How Many Were Built?

 Dark Blue Metallic 35

The Question Posed

 Firethorn 35

What is commonly known:

Chevrolet, after a three year development program and a one year delay associated with a failure to achieve EPA certification in 1974, began building the first of approximately 2,061 1975 1/2 Cosworth Twin Cam Vegas (RPO Z09) in March, 1975.
In 1976, a five speed transmission with a 4.10 final drive ratio was added to the option list. A mid model year revision (January 1976) added a sunroof, 8 track tape, and eight additional colors to the option list.

Unfortunately, even these changes did not help the sagging sales of the Cosworth Vega and 1976 production ended in July, 1976 with approximately 1446 produced.

 

“How many Cosworths were made?“, you ask. 

Well, that's a topic worth about a 12-pack of time. 

Michael raised this issue with this (edited)Yahoo! post:

 

I know that there were supposed to be ~3500 Cosworths built. I keep hearing numbers around 3508.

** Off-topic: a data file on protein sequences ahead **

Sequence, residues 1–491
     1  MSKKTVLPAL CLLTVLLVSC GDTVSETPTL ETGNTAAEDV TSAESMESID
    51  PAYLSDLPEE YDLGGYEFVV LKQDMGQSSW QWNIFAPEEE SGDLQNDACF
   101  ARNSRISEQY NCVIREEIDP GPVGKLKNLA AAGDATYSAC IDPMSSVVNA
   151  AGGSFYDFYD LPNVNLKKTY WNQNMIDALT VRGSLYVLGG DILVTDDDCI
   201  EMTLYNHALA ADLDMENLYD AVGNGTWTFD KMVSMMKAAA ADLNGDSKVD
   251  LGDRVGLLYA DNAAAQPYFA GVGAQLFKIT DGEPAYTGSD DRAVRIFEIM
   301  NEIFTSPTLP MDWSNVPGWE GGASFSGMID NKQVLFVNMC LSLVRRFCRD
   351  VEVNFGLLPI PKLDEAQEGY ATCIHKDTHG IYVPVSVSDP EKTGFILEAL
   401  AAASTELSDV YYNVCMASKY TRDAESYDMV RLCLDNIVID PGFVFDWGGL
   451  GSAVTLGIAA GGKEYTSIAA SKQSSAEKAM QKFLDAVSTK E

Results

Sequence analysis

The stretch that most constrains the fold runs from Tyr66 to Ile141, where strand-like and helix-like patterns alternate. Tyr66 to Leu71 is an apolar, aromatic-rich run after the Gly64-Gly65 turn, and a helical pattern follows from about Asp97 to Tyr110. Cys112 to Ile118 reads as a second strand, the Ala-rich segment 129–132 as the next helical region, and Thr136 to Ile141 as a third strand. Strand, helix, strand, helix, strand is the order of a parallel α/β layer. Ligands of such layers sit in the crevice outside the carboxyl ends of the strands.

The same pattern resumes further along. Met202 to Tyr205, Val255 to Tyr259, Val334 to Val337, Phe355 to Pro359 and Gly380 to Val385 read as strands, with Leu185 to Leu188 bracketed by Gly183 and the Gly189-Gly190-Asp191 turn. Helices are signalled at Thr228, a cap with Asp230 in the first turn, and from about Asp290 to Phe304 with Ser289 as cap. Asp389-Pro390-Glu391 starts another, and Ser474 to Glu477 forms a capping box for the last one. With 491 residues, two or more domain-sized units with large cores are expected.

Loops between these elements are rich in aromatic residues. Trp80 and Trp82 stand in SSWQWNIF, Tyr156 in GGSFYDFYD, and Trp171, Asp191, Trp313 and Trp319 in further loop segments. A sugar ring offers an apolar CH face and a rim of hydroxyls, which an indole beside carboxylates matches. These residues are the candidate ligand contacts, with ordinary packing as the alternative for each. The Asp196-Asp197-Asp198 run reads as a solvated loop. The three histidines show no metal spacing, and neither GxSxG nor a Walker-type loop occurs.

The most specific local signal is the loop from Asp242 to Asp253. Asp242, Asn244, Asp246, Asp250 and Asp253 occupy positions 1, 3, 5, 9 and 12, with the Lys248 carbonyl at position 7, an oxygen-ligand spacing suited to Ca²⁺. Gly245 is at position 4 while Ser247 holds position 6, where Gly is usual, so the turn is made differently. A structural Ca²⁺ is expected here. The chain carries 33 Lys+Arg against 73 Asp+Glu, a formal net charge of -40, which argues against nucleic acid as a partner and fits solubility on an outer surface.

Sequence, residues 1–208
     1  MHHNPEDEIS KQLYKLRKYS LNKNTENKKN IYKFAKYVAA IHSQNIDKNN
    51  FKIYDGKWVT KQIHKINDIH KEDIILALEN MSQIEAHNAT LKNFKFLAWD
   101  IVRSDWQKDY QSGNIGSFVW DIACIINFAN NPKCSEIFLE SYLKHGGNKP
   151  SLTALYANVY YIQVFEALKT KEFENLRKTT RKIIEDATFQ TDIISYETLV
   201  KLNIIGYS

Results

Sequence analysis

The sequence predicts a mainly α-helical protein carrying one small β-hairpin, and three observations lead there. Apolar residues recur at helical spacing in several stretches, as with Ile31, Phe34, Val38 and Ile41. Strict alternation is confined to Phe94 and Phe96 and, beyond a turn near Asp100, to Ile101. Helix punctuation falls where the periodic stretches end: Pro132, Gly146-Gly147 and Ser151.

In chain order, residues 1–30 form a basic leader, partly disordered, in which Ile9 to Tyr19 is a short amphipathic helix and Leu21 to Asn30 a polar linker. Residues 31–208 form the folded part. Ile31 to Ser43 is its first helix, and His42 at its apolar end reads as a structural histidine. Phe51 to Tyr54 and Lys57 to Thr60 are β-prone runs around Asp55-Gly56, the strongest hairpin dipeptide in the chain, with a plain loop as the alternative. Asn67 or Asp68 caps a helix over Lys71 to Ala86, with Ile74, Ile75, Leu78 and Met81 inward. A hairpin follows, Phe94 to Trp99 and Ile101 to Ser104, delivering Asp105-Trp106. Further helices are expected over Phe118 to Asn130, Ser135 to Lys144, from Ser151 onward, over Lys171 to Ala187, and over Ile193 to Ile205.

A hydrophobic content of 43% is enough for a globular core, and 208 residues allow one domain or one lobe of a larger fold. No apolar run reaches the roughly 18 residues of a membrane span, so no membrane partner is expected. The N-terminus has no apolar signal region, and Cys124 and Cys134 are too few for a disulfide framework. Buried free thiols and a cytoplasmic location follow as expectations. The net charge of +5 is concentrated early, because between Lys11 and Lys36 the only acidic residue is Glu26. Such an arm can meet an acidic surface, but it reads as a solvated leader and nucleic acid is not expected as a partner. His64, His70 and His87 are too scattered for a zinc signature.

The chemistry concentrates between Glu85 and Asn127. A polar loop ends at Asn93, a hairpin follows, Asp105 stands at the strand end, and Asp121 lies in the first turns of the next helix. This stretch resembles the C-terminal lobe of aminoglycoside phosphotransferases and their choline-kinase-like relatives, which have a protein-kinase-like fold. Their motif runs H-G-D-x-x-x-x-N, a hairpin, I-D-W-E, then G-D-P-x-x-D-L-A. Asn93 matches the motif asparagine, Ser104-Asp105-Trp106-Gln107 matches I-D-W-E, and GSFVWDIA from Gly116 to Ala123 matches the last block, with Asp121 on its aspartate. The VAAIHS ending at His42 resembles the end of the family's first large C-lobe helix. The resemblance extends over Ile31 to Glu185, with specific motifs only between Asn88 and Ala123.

In a search of some old CVOA magazines I found at a swap meet, I have seen 3525 and 3554 advertised for sale (as well as 3508).


The thing that makes me wonder is that I picked up 2 motors recently that were numbered 3581 and 3750.


I thought at first, 3581 is believable, but 3750 can't be. The weird thing is that both the engines look just like the others that I have: 

The numbers are in the same places, they have the assembly sticker on the cam cover (though the signature is illegible), everything. I haven't been able to scrape the paint that the previous owners put on the block to get to the s/n, but I will soon. Anyone have any ideas about these numbers?

Antique White 11

The answer, Michael, is that many have ideas, but nobody has the complete answer. The answer is unclear because there are basically four sets of numbers that are more or less relevant, and there are no complete records.

Dark Green Metallic 49
 

Those numbers, found on every Cosworth built, are the

  1. The Vehicle Identification Number,  
  2. The Dash Plaque, 
  3. The Tonawanda Number, and 
  4. The EFI Sticker Number.
Mahogany 37  
 

The VIN

 



Look under the windshield corner on the driver's side.
The VIN tag will be on the metal cowl between the dash pad and the windshield.